As published in The County Times (countytimes.somd.com)
By Ronald N. Guy Jr.
In 2009, then University of Connecticut men’s
basketball head coach Jim Calhoun had a moment – at least his ego did. With the state of Connecticut running a
budget deficit, Calhoun, then making over $1.5 million per year, was pressed
about being the state’s highest paid employee.
The question didn’t make it out of the reporter’s mouth before Calhoun
launched into a holier-than-thou tirade where he cited the $12 million in
revenue his team generated for the university and boasted that the state would
see “not a dime back” of his salary. The
performance was indicative of a man who felt so untouchable that he had
complete comfort being a horse’s backside and letting his prodigious ego roam. It was distasteful, but at that point in
time, with two national championships on his resume, Calhoun was not incorrect.
Calhoun’s situation – his psychological perch and his salary
– were not and are not unique. I suspect
back then in 2009, and today, nearly 15 years later, the highest paid state
employee is the men’s basketball coach or football coach of the state’s athletic
crown jewel public institution. Whatever
you think of that, it is a reflection of capitalism and the dominance of sports
as an entertainment entity in America. Derrieres
in seats directly fill university coffers.
More importantly, eyes on the television screen generate advertisement
revenue, which creates lucrative television contracts and stupid money for
institutions, especially those in the power conferences.
The pressure to financially keep up with the Joneses
is enormous. It led to Maryland’s
departure from the ACC (still getting over that) and all sorts of other
conference alignment chaos and cannibalism (USC and UCLA are headed to the B1G
Conference for crying out loud). The
money is so obnoxious that the NCAA finally broke down and permitted athletes
to profit via NIL (Name, Image and Likeness) agreements.
For a long time, a powerful, charismatic head coach -
a person who can turn adolescents into adults, who can establish a talent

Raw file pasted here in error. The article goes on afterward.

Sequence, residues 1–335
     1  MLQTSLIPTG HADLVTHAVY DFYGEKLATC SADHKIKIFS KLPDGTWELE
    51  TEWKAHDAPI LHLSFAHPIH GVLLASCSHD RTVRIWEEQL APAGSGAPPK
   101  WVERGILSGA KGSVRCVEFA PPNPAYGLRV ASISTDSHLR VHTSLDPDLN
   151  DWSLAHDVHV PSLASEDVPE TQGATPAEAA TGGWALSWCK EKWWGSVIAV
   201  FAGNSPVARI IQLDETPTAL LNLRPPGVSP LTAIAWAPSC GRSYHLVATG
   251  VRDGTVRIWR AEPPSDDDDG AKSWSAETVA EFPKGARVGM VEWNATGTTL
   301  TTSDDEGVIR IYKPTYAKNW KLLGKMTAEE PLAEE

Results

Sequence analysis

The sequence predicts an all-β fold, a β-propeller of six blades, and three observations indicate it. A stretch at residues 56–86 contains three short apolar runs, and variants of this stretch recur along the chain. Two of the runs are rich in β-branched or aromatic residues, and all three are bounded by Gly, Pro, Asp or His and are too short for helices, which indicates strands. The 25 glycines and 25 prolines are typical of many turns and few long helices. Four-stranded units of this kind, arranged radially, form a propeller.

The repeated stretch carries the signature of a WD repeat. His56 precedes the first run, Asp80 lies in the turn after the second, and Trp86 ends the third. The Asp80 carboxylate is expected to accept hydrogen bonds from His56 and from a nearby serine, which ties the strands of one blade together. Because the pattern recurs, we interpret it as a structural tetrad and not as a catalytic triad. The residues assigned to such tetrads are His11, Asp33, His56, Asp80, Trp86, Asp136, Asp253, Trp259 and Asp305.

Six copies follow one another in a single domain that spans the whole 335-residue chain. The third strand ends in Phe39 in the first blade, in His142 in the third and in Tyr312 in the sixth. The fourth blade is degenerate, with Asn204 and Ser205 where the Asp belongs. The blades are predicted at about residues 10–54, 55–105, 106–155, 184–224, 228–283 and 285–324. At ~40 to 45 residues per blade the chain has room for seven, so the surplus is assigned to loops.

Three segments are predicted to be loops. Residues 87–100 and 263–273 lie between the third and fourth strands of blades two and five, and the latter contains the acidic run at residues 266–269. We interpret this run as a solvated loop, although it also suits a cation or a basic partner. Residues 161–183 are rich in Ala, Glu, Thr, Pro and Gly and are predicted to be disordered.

pipeline, produce professional athletes and appease university donors – has
been the key to collegiate athletic relevance.
The formula has evolved over time, but it is an environment that created
Paul “Bear” Bryant, Bobby Knight, Joe Paterno, Bobby Bowden, Pete Carroll, Mike
Krzyzewski, Gary Williams, Urban Meyer, John Thompson and Rick Pitino. Current coaches like Nick Saban, John
Calipari, Bill Self, Kirby Smart and Dabo Swinney have inherited college sports’
thrones and ruled even larger kingdoms.
Those names…several make you cringe, right? Nothing needs to be said about Knight and
Paterno. Carroll left USC in
flames. Meyer, Pitino…sheesh. Bowden has had wins stripped from his record. Self was suspended last season due to an
on-going FBI investigation. Smart is
embroiled in controversy. The price of
winning is steep and the ethical risk is high, but universities are
consistently willing to write big checks and roll the dice. Money rules the day.
Northwestern is the latest institution to fall on its
sword. And this one cut deep. In the second half of the 20th
century, Northwestern was a football wasteland.
Then Pat Fitzgerald arrived in the mid-1990s, and the star linebacker
led the Wildcats to prominence and a Rose Bowl win in 1996. Fitzgerald returned to Northwestern as an
assistant coach in 2001 and became head coach in 2006. Fairy tale stuff, right? Yeah, until it wasn’t…until it was discovered
that Fitzgerald, at best, turned a blind eye to alleged sexually violent hazing
of underperforming players. In a typical
grasp to save the iconic coach, Northwestern first suspended Fitzgerald for
only two weeks, only to fire him days later, presumably after the
transgressions transcended the bubble of major college sports and were
subjected to common sense.
Whether it be the Catholic Church or politicians who often
leave constituents longing for better representation (the great unfortunate
political unifier), power, combined with little fear of consequence, often
undercuts the most basic ethical and moral standards. As Abraham Lincoln said, “Nearly all men can
stand adversity, but if you want to test a man’s character, give him
Fitzgerald is just the latest to reinforce the wisdom of those old words.